Music and the Spoken Word

The Power of Humility- Sunday, January 10, 2016

The world in which we live is fiercely competitive—some would even say ruthless. The pressure to succeed, to get ahead, leads many to be aggressive, dominating, overpowering. And succeed they often do—in a sense. But there’s a different, even a better way to live and to succeed. It is, in a word, humility.

Of course, humility is not a new idea, but it is getting renewed attention in—of all places—the hard-hitting business world. Recently several large, successful corporations have begun to prize humble leaders over the brash, overbearing kind. Humble leaders, they’ve found, “listen well, admit mistakes, and share the limelight.”1 They have helping hearts; they encourage teamwork and promote collaboration. They see themselves not as kings who issue orders but as coworkers in a worthwhile endeavor. Humble leaders see themselves authentically, with both strengths and weaknesses, and they recognize that leading others and serving them are not mutually exclusive efforts. One can be visionary and relentless, with the mind of a leader, and still be humble and teachable, with the heart of a servant.

Company executives are finding that when they hire leaders who are humble and eager to improve, the entire company benefits. A culture of humility and cooperation spreads throughout the workforce, bringing out the best in everyone.

But the humility must be sincere. In some ways, false modesty is worse than bold-faced arrogance because it is deceptive. By contrast, genuine humility comes from seeing things as they really are—recognizing that no one is superior to another, that we are each learning and growing as we go along. Some may be more gifted or talented, some may have had greater opportunities and more doors opened to them, but all have something to offer. All are worthy of dignity and respect.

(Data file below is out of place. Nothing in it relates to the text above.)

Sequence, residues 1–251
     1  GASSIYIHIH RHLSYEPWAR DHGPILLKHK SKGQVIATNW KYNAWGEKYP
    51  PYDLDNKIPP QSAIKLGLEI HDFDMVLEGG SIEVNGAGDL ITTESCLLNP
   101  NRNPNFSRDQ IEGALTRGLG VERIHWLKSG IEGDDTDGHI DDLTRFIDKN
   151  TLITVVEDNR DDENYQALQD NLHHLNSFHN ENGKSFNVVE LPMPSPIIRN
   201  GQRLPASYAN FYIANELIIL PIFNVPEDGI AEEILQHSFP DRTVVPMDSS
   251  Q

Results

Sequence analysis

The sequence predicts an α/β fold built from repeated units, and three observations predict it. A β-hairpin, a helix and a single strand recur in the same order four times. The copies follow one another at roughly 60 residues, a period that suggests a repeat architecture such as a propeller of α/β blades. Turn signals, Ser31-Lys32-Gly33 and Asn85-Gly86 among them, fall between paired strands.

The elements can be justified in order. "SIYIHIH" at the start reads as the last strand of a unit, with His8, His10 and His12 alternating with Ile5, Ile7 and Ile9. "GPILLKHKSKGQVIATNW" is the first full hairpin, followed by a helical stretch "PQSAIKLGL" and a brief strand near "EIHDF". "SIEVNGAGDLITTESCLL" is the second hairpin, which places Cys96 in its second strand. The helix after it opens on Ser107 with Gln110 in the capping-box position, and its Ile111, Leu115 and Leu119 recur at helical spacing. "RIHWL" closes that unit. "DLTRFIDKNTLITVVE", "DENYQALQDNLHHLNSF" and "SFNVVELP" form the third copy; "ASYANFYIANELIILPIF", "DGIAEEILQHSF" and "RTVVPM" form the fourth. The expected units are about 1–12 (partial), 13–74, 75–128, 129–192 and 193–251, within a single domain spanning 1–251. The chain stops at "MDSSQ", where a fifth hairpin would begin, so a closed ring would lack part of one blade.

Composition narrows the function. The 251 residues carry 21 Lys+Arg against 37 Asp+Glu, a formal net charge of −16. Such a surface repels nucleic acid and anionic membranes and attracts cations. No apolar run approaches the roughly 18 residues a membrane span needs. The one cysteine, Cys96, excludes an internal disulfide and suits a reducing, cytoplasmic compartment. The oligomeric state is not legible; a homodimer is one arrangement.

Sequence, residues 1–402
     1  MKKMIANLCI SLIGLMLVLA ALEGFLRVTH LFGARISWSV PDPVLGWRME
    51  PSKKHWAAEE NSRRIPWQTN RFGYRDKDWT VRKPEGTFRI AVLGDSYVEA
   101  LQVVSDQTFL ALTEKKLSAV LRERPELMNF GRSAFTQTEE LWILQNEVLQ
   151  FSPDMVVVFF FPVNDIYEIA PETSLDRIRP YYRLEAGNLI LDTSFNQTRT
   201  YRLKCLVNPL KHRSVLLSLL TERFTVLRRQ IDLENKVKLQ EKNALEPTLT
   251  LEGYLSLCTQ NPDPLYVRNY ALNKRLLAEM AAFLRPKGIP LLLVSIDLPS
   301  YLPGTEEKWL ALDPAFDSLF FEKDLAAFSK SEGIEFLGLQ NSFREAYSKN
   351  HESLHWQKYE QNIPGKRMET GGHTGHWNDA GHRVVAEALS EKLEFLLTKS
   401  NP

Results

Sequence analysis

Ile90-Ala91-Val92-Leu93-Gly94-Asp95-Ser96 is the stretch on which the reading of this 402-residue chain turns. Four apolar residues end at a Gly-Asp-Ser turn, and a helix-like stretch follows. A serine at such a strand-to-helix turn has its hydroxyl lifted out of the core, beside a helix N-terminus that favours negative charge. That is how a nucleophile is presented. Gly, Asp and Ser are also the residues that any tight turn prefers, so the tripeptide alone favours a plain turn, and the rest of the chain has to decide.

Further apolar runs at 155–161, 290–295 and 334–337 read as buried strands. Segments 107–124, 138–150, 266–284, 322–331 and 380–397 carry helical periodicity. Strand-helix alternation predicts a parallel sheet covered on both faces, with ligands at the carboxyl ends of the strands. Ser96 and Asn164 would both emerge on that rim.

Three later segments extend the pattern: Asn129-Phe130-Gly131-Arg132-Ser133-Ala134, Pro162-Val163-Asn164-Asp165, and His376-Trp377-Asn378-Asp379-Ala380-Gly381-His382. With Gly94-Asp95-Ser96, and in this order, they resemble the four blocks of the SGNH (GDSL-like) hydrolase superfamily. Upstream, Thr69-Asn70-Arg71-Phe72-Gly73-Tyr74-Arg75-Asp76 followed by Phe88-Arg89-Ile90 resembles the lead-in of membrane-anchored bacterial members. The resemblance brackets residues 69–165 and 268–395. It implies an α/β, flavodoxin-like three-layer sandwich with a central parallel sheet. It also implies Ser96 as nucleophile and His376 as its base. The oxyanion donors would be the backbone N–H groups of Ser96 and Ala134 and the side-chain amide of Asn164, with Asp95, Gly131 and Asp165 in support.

If this attitude can improve the corporate world, think about what it could do for our interactions in our homes and communities. Imagine what might happen if we listened a little better, admitted our errors, and stopped worrying about who gets credit. Humility just may be the key that unlocks the door to improved relations, stronger organizations, and happier lives.

-Lloyd D. Newell

1. Joann S. Lublin, “The Case for Humble Executives,” Wall Street Journal, Oct. 20, 2015,

Jan. 10, 2016
Broadcast Number 4,504

Mormon Tabernacle Choir
Orchestra at Temple Square

Mack Wilberg

Richard Elliott

Lloyd Newell

When in Our Music God Is Glorified
Traditional hymn tune; arr. Emily Crocker

All Beautiful the March of Days
English melody; arr. Mack Wilberg

Presto, from Concerto no. 5 in F Major
George Frideric Handel

Giulio Caccini; arr. Mack Wilberg

I Feel My Savior's Love
K. Newell Dayley; arr. Sam Cardon

On Great Lone Hills, from Finlandia
Jean Sibelius